A: Neither DMP nor MMP would require an increase to the number of MLAs to function.
Our Legislature currently has 27 MLAs. MMP can be implemented with 27 seats. Of course, electoral boundaries will need to change to establish 18 district seats. 9 seats will be for MLAs elected province-wide.
Since DMP is based on two-member ridings, it requires an even number of MLAs. That would require changing from the current 27 member Legislature to 26 or 28 or another even number decided on by government. Electoral boundaries will need to change to establish 13 or 14 dual-member ridings.
Electoral boundaries are going to be reviewed and possibly changed before the next election no matter what the plebiscite results will be.
Q: Aren’t there more minority governments and more elections with a proportional representation system?
A: In fact, with our current FPTP system, Canada has more elections than almost any country with Proportional Representation! Canada has had more elections than Italy since WWII. Under a proportional system, coalitions come together and stay together until the next election. There is no incentive to pull the plug on a coalition for the possible prize of a majority government. Our current system dangles that prize in front every minority government.
Governments tend to be more stable because people have to work together: you’r likely still going to have a mixture of parties after another election. In Proportional Representation countries, parties learn to work together.
Valued social programs such as the public healthcare system and the pension system came about when we had minority governments.
Q: As a citizen with a local problem, what MLA do I go to for help under a DMP or MMP system?
A: Both systems give citizens more choices to address issues or problems and there is more chance that whatever party you support will have an MLA in the Legislature. Under DMP, a citizen can approach either of the two of their district representatives. Under MMP, a citizen can approach their district representative or any of the provincial representatives they relate to most strongly.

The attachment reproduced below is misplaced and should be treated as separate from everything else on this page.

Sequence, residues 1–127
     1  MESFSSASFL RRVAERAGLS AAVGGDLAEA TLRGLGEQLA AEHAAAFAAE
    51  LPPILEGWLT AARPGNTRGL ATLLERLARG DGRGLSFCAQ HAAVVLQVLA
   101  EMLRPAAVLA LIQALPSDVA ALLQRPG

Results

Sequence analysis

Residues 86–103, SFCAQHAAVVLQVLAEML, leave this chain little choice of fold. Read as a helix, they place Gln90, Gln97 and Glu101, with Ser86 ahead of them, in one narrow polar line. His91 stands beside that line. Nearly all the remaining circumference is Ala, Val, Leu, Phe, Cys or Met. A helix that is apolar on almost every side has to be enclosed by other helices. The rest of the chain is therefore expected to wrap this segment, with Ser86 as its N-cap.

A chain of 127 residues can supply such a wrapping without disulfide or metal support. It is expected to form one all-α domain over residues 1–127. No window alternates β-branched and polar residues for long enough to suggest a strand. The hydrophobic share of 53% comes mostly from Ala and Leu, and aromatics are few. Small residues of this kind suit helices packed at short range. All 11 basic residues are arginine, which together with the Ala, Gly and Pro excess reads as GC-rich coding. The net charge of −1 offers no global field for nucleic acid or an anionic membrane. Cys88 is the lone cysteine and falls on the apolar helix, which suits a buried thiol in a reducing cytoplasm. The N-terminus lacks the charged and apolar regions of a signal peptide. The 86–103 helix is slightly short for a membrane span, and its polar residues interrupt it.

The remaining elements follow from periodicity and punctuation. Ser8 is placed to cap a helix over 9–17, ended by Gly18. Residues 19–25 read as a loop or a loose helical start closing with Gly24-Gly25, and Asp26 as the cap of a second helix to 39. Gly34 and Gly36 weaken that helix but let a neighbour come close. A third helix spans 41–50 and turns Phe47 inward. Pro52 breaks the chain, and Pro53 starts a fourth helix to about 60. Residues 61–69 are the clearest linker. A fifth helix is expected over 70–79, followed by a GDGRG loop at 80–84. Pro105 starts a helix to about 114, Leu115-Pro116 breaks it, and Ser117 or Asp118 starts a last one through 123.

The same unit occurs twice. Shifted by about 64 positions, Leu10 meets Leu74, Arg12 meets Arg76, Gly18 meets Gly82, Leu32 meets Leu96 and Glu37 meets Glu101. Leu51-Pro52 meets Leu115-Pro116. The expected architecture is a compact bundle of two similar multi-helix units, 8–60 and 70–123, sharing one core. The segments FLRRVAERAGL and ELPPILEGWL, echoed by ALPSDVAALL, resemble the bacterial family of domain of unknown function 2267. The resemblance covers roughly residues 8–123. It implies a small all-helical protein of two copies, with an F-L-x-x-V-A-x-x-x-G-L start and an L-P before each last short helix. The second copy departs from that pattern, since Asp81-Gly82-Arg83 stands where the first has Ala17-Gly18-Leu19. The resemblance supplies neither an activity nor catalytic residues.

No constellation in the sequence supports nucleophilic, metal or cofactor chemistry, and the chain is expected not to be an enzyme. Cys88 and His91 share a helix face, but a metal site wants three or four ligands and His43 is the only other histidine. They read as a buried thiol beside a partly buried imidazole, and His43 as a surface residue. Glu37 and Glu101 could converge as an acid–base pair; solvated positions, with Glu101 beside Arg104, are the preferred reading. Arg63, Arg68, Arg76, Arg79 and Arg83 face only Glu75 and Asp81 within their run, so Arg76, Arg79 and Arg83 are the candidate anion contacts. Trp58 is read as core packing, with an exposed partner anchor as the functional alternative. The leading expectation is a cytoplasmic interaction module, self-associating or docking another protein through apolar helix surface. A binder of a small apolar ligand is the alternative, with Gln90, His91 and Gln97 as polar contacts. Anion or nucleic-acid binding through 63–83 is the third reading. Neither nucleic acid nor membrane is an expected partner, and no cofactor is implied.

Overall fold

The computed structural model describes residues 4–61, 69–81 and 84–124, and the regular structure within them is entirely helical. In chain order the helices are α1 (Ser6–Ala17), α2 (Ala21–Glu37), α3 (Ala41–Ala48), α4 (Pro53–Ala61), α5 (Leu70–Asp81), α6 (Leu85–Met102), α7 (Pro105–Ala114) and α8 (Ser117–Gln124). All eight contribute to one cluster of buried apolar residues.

Q: Doesn’t Proportional Representation create two levels of MLAs?
A: DMP has only district MLAs, and that means two MLAs you can talk to about local problems. Under MMP you can choose an MLA who represents you locally, and if your vote doesn’t someone locally, can choose someone from your preferred party on the province-wide list.
Leaders and cabinet ministers are also always province-wide
Q: But would rural areas be well-represented in a Proportional Representation system?
A: I agree that rural representation is important. Proportional representation models maintain rural seats. You will still have local representation. DMP keeps all representatives local, and MMP keeps 2/3 of MLAs local — and good luck to any PEI party the puts forward a city-heavy list of candidates!.
Q: What about independent candidates?
A: Both DMP and MMP have ways for independent candidates to run for election.
The DMP system may actually have advantages for electing independent candidates, since in a dual-member district, an independent candidate has an equal shot at either one of the two seats in the district.
Under an MMP system, independent candidates would run in the district seats.
Q: With proportional representation, what comes first with voters? Is the popularity of the local candidates primary? Or are personal/party values most important?
A: If a high motivator for you as a voter is eliminating the conflict between MLA/party – MMP may be your preference. If you balance between strong local candidates and personal/party values, under DMP you will still have to think as you do now about that balance.
Q: How would nomination processes change under DMP and MMP?
A: Nomination processes would still be determined by political parties. It is in the interest of every party to nominate candidates in a fair and transparent way, in a clear process that engages the party members.